Is America, as a nation, gullible? Well, based on the recently published results of a large-scale survey, we certainly seem to be.
The Program on International Policy Attitudes — a non-partisan, non-profit research group that studies the attitudes of the American public and policymaking community regarding international policy issues — joined Knowledge Networks, a polling, social science and market research firm, to publish the results of a study conducted from January to September. The study dealt with the misconceptions Americans held regarding the war in Iraq and of how different news sources affected these misconceptions.
Choosing their large pool of respondents randomly, PIPA took great care to ensure that its results would be representative of the entire adult population.
These statistics draw into serious question the objective integrity of American news media, and most notably Fox News, with regard to the war in Iraq.
If nothing else, this report proves that the American people need to be substantially more critical of their news sources.
Given the profound influence the media had on American popular support for the war, it’s surprising that conservative demagogues nationwide are still decrying the media as liberal.
Over the past year, the United States has been the center of fierce international controversy over its buildup to, and involvement in, the war in Iraq. Many otherwise influential nations were wringing their hands in helpless consternation as America pursued this policy.
Despite the vehement opposition of the rest of the world, a noteworthy majority of Americans supported the war throughout its every stage.
At times of political controversy, we cannot deny the powerful influence of mass media on the perceptions of the general populace. As the major source of information upon which members of the public base their opinions, the media plays a crucial role in deciding the prevailing character of the public’s perception of any issue.
It follows that news coverage throughout the war, its buildup, and its aftermath, must be considered among the principal influences on American popular opinion regarding Iraq.
PIPA surveyed a total of 8,634 respondents over seven polls, regarding three major misconceptions: that Iraq was directly involved in the Sept. 11 attacks and that there was evidence of links between Iraq and al Qaeda; that weapons of mass destruction were found in Iraq after the war; and that world public opinion generally approved of the United States going to war.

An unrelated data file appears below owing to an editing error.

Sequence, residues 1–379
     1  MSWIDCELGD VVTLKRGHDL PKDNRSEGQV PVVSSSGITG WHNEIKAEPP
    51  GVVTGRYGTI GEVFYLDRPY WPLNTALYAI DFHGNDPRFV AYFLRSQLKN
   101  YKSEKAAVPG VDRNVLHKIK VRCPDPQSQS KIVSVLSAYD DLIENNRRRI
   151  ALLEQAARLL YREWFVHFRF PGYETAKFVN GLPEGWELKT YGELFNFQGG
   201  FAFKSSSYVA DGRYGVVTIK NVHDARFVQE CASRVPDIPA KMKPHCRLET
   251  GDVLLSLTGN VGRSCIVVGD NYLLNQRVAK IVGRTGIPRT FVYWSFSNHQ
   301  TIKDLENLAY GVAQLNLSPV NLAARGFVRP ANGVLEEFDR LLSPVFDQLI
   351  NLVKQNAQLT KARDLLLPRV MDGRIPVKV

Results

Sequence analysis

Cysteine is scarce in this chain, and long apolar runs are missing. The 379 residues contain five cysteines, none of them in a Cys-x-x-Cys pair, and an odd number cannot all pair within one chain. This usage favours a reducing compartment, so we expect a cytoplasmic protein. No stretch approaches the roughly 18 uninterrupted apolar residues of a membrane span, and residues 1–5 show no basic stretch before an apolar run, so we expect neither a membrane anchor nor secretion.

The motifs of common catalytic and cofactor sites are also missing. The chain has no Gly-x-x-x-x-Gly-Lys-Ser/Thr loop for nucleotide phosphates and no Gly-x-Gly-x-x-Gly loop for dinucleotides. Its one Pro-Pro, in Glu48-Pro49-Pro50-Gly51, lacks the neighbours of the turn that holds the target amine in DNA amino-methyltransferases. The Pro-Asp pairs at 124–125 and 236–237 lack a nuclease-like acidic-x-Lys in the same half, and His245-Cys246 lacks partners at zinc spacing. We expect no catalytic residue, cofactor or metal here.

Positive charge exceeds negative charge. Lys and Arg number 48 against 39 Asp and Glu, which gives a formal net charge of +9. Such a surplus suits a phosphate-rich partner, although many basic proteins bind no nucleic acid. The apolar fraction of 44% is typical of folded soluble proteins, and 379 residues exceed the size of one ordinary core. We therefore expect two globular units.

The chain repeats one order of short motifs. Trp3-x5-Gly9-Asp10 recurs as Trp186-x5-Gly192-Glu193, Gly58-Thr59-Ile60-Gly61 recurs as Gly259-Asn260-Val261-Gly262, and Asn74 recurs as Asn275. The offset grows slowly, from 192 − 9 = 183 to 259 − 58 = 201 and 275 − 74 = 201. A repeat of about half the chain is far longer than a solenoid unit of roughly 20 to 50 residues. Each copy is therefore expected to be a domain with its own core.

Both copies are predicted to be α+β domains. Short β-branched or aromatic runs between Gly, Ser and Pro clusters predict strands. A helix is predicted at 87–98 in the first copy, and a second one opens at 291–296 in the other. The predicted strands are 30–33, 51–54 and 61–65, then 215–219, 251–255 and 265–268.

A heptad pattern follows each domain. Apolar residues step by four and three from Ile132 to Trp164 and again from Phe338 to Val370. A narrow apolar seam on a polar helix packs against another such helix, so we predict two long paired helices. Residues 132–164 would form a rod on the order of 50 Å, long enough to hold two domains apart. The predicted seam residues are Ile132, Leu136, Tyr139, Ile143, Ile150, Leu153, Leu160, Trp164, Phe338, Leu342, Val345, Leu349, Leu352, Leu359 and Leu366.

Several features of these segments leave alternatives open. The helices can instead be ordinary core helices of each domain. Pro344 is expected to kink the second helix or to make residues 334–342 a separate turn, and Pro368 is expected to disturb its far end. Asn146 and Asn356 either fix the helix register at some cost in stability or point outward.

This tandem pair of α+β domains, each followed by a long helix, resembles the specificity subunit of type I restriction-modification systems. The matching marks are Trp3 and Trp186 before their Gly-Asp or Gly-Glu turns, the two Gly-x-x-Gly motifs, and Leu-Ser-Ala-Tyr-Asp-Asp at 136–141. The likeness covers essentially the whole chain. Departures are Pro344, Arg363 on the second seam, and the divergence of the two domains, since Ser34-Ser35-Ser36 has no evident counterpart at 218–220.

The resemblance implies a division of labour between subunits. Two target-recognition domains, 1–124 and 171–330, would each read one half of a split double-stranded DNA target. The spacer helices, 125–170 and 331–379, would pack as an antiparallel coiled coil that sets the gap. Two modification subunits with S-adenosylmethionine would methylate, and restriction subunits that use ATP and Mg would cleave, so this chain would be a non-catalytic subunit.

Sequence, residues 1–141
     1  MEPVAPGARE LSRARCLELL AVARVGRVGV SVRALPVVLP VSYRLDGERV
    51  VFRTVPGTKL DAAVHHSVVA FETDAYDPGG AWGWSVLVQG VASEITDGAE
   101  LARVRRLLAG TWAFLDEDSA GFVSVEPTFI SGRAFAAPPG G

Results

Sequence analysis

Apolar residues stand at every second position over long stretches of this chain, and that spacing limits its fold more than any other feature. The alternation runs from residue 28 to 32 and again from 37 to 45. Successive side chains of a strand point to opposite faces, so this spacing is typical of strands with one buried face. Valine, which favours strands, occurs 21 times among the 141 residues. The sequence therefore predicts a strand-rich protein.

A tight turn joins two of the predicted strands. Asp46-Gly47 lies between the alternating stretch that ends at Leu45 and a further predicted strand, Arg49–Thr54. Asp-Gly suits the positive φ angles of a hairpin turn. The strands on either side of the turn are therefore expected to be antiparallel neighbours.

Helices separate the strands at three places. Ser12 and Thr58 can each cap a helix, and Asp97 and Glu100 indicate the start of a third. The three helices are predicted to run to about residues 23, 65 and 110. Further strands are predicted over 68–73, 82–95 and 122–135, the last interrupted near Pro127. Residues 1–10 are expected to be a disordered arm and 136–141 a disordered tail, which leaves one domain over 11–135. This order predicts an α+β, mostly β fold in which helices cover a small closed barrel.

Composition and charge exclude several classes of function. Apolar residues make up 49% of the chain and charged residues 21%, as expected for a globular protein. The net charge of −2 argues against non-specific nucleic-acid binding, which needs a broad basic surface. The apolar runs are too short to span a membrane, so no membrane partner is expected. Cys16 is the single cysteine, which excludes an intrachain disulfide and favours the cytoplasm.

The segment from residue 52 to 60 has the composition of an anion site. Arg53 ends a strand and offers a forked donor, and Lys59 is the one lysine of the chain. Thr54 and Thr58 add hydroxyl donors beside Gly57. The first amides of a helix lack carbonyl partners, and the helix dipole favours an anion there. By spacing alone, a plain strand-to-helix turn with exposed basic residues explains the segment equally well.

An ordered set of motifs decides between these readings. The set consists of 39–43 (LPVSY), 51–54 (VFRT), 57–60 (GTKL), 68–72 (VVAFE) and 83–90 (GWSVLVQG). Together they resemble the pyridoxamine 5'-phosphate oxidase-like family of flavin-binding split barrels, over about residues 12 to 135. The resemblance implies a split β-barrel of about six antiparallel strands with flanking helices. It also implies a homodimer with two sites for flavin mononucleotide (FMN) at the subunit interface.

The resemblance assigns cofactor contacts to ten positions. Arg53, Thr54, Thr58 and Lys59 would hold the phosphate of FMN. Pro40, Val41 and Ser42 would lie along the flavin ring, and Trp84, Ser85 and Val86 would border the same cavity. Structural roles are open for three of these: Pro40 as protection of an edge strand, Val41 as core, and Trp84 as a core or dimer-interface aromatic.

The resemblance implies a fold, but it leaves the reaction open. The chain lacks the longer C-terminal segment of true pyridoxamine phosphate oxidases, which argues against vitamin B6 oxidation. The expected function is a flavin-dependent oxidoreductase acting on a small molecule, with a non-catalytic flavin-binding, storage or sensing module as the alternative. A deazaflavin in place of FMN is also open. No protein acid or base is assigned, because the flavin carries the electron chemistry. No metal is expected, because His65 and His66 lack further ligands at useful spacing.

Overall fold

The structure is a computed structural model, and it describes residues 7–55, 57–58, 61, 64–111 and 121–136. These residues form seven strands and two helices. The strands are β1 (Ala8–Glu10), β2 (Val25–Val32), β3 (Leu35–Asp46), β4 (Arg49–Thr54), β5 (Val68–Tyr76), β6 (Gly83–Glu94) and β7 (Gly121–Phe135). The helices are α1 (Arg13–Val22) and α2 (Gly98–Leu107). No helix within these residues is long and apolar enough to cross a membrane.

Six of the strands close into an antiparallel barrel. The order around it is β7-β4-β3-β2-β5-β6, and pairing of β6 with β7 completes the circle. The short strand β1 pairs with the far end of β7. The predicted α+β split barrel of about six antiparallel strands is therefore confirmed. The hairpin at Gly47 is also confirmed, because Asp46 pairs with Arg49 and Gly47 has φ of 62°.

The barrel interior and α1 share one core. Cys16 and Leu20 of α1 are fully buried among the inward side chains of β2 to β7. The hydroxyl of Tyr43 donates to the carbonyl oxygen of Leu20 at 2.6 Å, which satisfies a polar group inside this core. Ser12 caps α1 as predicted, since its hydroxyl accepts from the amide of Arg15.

The results showed that 60 percent of the respondents held at least one misconception, of which 32 percent held one, 20 percent held two and 8 percent held all three. Not surprisingly, the greater number of misconceptions held by any group of respondents, the greater chance they supported the war.
Since 80 percent said they usually got their news from television and radio, the polls focused on the most popular news networks.
With 18 percent citing it as their primary source of news, Fox claimed the largest number of respondents. Of that 18 percent, 80 percent held one or more of the three misconceptions, more than any other group by at least 9 percent.
Respondents citing any of the other networks as their primary news sources, including print media, fell into a range of 47 to 71 percent holding any number of the three misconceptions, except those who preferred Public Broadcasting Service or National Public Radio. Of the latter group, only 23 percent held at least one of the three misconceptions.
The overwhelming majority of the news networks included in this poll perpetuate misconceptions to substantial portions of their audiences. They, thereby, peddle popular support for President Bush’s war.
It’s times like these when the incessant conservative griping about the so-called liberal media seems more ludicrous than ever.
J.P. Fridy, The Pitt News,University of Pittsburgh